My best mate Glen came down from Wycombe for a surprise week to, so I spent plenty of time catching up with him and chatting about work. He gave me so very important advice; “Everything is too complicated these days, you should keep it simple and your audience won’t know the difference, especially if it is moving and animated anyway.” True words, and I took Glens advice which not only sped up the process, but made me more confident with the work I was producing.
Here’s a screenshot to show all of them! (I think I am working on a 10K canvas).
The graphics design has been on-going, I practiced when I was first commissioned, but it just shows how familiarizing yourself with the tools and applications can ease your work! A very very important part of this process was to intensively storyboard and plan each scene, so I know what graphics can be generated beforehand, so I spent a good couple of days story boarding and sketching the graphics I would need, followed by a long list of assets I would go on to to create.
For the rest of the week I started importing the graphics into After Effects, and setting up the 15 scenes. I am finally starting to see progress! I am still working on this section, and it will take another week or so to complete all the animations. Again, I storyboarded this in the planning, so I know exactly what to produce for which scene which saves so much time. Also, the best thing about this planning part is that it does not have to be a work of art to depict your ideas, just a simple sketch to represent what you will need to create.
On Thursday I joined a crew of fashion designers, hair stylists and models to film a magazine photoshoot for Sherman Hawthorne (the hair stylist and creative director of the shoot) at The Lemonade Factory studios on Queenstown road. With eccentric styles and art direction, I set about to capture high contrast, dramatic footage which will compliment the photos. It was an early start, here I am waiting for my train at Clapham Junction;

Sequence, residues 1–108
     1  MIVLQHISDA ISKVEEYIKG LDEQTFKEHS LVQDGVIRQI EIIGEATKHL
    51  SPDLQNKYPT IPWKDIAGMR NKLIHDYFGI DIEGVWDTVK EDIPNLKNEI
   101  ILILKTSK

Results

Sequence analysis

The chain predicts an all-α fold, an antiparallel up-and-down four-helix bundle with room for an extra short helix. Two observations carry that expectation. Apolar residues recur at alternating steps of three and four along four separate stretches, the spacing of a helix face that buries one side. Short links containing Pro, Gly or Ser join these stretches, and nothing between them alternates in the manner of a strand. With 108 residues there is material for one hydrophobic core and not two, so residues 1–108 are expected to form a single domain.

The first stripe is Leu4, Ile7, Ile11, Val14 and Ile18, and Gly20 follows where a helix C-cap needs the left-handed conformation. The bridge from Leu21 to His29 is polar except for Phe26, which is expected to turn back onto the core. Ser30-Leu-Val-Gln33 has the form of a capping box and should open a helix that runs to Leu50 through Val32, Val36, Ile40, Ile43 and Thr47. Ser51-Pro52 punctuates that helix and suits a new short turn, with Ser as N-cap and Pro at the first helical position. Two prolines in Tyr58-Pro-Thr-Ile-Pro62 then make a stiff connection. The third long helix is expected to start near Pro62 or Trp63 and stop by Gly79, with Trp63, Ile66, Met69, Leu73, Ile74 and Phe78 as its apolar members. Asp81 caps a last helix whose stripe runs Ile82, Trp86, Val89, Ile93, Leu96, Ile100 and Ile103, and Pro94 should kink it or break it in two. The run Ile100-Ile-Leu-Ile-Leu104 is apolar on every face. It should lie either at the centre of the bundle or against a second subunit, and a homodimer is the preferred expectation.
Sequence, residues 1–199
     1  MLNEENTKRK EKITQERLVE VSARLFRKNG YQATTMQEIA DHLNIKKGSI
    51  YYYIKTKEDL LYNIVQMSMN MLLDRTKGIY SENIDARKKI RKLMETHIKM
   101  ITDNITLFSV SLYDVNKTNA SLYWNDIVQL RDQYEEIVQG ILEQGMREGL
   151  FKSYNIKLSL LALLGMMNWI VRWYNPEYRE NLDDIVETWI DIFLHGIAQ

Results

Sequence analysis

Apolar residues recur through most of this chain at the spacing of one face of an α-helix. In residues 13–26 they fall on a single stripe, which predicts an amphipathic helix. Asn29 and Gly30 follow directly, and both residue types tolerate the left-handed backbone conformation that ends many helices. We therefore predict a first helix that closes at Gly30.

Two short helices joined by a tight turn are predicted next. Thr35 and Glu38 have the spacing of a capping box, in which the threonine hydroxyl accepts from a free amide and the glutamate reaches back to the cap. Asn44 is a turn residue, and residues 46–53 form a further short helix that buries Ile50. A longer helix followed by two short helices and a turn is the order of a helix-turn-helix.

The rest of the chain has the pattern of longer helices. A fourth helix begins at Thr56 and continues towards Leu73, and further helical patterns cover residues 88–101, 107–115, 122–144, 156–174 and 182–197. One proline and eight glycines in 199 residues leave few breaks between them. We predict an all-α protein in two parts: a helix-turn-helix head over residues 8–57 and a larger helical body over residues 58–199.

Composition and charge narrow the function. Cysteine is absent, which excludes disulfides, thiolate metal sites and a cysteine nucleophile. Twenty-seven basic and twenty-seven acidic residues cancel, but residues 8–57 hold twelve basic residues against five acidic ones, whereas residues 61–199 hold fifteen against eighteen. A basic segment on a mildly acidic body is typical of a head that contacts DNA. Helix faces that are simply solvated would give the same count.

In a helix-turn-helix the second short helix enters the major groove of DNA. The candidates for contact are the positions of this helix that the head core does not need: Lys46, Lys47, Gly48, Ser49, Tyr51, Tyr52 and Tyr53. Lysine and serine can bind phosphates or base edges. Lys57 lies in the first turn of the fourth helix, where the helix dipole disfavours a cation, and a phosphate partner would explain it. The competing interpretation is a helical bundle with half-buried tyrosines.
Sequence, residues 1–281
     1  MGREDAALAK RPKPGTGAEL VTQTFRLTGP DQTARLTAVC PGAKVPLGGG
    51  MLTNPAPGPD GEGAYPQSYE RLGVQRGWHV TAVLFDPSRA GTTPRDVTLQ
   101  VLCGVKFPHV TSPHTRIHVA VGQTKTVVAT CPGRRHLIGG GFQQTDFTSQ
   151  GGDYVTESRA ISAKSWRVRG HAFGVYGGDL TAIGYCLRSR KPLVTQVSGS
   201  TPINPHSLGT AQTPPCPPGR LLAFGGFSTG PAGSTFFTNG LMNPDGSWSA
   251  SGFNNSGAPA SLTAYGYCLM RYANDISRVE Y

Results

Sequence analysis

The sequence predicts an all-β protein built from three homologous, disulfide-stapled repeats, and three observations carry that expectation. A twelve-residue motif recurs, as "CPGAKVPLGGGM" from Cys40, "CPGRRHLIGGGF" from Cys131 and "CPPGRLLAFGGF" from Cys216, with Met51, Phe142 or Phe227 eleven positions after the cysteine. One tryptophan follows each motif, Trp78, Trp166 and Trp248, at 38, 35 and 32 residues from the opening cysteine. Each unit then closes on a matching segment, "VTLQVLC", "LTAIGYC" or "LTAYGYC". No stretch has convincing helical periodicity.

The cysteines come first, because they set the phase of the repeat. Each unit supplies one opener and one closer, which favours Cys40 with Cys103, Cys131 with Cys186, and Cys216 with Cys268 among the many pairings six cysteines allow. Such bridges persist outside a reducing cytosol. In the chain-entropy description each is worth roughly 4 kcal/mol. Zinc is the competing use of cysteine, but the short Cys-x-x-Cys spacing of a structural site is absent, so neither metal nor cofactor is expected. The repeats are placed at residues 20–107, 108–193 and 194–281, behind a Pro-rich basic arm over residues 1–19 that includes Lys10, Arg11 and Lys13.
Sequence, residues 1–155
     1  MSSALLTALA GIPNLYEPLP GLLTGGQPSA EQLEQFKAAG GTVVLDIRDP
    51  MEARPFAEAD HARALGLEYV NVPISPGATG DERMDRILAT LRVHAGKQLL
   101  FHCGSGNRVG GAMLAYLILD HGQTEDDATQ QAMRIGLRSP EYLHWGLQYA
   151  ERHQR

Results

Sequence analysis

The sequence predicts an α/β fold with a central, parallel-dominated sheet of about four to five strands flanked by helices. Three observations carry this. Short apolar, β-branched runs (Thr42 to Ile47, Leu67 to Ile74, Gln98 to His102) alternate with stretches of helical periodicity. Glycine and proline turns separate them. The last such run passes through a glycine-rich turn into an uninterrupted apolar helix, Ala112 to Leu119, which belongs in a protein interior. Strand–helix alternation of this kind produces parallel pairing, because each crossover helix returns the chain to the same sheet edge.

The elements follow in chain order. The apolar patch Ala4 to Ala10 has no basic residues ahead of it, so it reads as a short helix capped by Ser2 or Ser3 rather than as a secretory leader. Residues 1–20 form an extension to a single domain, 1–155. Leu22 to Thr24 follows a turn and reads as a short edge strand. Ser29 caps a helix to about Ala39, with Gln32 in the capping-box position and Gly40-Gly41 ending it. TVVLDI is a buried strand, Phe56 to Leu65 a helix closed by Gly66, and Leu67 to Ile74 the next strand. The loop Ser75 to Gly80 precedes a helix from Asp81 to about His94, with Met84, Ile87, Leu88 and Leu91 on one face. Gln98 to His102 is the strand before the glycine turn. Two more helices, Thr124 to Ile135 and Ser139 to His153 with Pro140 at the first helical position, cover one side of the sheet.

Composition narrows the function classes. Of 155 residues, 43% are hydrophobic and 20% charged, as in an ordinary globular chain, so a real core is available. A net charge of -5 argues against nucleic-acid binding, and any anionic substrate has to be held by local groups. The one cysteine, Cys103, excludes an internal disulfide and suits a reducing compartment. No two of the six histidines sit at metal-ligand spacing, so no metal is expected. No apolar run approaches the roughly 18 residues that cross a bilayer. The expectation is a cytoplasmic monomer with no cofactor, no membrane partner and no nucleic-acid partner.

I was a single shooter, I had the pleasure of transporting the equipment to the shoot which included a steadicam vest that I ended up not using. I’ve learned my lesson here not to take extra kit!
My kit list was as follows:
Canon 5DmkIII (A camera), Canon 60D (B camera)
Tamron 24-70 F/2.8 VC, Samyang 14mm T/3.1 cine, Samyang 35mm T/1.5 cine, Nikkor 50mm F/1.4 manual, Samyang 85mm T/1.5 cine, Sigma 70-200 F/2.8 OS
Manfrotto 755CX3, Manfrotto MVH700AH, Manfrotto Hydra arm and super clamp,
CamSmart camera rig + Lilliput field monitor, CamSmart Stabilizer vest, Flycam Nano
Zoom H6, Rotolight Roto-mic.
As with all of these shoots, time runs short so I was restricted to short burst of filming time with the models to capture the specific ethereal and industrial motif, but I also shot around the photographer to maximize my usable footage. I made use of the 50fps slow motion for the moving shots, so that the models movements are exaggerated, as well as stabilizing the shot.
As the props included wire fencing and chicken wire, aliasing was a problem when shooting shallow depth of field, or at an angle to the object. To remedy this I used a lower aperture (F/4-5.6) for some shots, but also I can add a Gaussian blur in Premiere Pro when editing to soften the lines, gently smoothing out unwanted aliasing.
A couple of frame grabs from the shoot!
Weekends are always working weekend for creatives and freelancers. I spent yesterday working on the animation of the recycling project again, continuing to compose the scenes using simple 2D shapes and animation styles that have become very popular recently.
I also came across this post from Chase Jarvis about how to manage your time properly, its a great post with a detailed outline of 90-minute working slots that should improve your productivity, I urge you to read it if you’re someone like me who can’t stop working, then apply the plan to your working life. I know I will be!
I haven’t had many #videoquestions come in recently, so please keep them coming so I can help with tips for the community of videographers and creatives! Send them over to me @Plowman91 on Twitter.
Finally, ending with a must watch video, check out Philip Bloom’s video shot with the Blackmagic Production Camera, the 4K one at Miami Beach, what do you think of it? Is it worth investing now the Panasonic GH4 is on pre-order and it looks like Sony will have a 4K DSLR announcement coming at NAB2014 too..!!
That’s all for now folks! Keep the creative juices flowing!
I’ve been working on the plans for a number of videoshoots to test out the awesome Rotolight mic and LED ring light. As the kit works especially well with people and subject focused shots, I am orchestrating a model/fashion/lifestyle shoot to show off the equipment to its full potential.